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Crime & Justice

With Prop 34 defeated, when will California's next execution happen?

CDCR officials built a new lethal injection facility at San Quentin State Prison, but executions remain on hold in California.
CDCR officials built a new lethal injection facility at San Quentin State Prison, but executions remain on hold in California.
AP Photo/Eric Risberg

California voters reaffirmed their long-standing support for the death penalty, rejecting Proposition 34 on Tuesday by about 6 percent.

What happens now?

The state houses 726 inmates on Death Row (226 of them from Los Angeles County, where Proposition 34 enjoyed considerable support). Currently, 13 death row inmates have exhausted all their appeals and are eligible for execution.

But executions are not likely to resume soon. 

Capital punishment has been on hold in California since 2006, when a federal judge halted the execution of Michael Angelo Morales because the state's lethal injection method violated the Eighth Amendment of the U.S. Constitution ban on cruel and unusual punishment.

The judge who issued that ruling pointed to numerous issues with California's lethal injection protocol: poor training for execution team members; a cramped makeshift execution room that had been converted from San Quentin State Prison's old gas chamber; and mistakes in the use of an anesthetic that's one of three drugs in the lethal injection "cocktail" could inflict extreme pain on a dying inmate.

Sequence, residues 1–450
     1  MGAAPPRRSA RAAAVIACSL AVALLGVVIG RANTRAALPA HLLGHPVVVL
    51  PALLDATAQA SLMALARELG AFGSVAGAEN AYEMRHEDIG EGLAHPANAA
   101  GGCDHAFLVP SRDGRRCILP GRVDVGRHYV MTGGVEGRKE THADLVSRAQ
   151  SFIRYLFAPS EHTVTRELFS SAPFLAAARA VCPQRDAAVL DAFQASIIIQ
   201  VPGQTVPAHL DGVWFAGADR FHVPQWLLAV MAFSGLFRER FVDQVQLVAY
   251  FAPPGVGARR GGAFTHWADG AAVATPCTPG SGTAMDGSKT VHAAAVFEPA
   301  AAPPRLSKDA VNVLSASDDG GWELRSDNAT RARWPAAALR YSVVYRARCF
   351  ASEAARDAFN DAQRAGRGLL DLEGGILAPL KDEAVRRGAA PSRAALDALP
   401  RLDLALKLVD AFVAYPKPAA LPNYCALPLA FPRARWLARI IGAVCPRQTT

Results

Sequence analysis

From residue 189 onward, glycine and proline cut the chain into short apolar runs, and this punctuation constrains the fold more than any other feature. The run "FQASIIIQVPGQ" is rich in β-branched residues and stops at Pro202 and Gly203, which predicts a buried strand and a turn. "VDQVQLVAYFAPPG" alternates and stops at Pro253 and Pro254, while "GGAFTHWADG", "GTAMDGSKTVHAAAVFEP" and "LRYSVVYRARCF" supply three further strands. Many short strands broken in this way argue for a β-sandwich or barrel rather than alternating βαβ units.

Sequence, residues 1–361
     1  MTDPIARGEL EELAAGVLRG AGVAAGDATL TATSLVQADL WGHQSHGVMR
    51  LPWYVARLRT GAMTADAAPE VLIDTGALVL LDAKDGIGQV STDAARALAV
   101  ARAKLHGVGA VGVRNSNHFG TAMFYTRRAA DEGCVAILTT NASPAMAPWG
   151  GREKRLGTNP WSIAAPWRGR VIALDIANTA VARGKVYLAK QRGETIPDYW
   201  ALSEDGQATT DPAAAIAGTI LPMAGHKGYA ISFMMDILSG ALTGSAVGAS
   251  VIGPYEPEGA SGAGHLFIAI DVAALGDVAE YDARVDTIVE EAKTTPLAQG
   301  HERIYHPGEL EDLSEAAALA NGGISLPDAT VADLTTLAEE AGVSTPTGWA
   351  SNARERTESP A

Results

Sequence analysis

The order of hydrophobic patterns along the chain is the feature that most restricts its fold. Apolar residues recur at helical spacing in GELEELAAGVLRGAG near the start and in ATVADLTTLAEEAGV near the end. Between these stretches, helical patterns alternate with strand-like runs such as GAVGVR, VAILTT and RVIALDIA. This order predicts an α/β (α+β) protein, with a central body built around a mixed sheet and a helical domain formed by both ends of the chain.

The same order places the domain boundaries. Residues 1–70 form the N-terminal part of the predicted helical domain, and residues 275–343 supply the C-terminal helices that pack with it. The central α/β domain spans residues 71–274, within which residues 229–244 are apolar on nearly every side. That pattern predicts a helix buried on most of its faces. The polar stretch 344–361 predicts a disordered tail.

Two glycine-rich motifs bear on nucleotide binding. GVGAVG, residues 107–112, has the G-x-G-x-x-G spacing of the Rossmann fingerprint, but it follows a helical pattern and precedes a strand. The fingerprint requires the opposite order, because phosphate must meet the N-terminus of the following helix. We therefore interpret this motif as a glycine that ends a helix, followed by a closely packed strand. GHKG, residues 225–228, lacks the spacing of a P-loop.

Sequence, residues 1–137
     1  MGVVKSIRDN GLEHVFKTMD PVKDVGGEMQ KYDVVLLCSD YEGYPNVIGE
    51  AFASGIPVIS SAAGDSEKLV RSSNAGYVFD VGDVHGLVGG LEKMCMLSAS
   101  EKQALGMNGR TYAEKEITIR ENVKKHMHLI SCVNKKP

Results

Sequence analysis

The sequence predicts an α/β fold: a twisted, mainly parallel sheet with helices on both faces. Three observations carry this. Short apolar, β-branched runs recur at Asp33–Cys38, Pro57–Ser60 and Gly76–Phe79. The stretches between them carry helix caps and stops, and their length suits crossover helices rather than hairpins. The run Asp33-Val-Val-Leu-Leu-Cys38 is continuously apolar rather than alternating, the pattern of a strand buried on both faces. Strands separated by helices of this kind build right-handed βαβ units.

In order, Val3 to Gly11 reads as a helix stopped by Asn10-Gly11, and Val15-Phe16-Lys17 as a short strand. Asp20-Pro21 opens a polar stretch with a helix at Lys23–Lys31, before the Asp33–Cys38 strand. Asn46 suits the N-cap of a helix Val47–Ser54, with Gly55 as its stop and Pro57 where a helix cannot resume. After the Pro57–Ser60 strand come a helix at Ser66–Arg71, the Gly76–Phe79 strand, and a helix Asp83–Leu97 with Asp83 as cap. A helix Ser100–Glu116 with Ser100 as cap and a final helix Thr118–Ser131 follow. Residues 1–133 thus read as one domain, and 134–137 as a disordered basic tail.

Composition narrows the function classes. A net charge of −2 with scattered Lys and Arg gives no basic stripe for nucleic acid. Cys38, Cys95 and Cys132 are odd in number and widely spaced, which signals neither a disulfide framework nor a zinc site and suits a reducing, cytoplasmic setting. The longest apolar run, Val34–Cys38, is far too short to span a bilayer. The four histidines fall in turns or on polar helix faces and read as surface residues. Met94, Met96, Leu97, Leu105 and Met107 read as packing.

In the years since, the California Department of Corrections and Rehabilitation (CDCR) has made moves to change the execution process. It invested in a new $835,000 lethal injection chamber and rewrote its lethal injection procedure. Now an attendant must shake the inmate to ensure that he or she is asleep before proceding with painful, death-inducing drugs. 

Yet, two years later, executions have not resumed.

A Superior Court judge in Marin County – where San Quentin prison is located and the state's Death Row for male inmates – threw out the rewritten lethal injection protocols, saying that the state violated its own rule-writing procedure by not adequately considering public comment. The federal court case that originally halted executions in the state is on hold while the state case gets sorted out.

Meanwhile, California doesn't keep sufficient stocks of the execution drugs its current protocol requires. Two of three of the lethal injection drugs called for in the current protocol are no longer available in the United States. 

CDCR officials say at the direction of Governor Jerry Brown, they've considered a new procedure with a single drug that might satisfy the courts. During a now-defunct case brought earlier this year in L.A. County that was meant to force the state to set execution dates, an expert for the CDCR testified that correctional officers at San Quentin had trained in and tested a one-drug procedure at the lethal injection chamber. 

CDCR has not introduced that protocol as an official regulation. A state lawyer estimated that the official process for codifying any new protocol would take about 10 months. The state is also arguing in a separate court case that it shouldn't have to follow such an administrative procedure.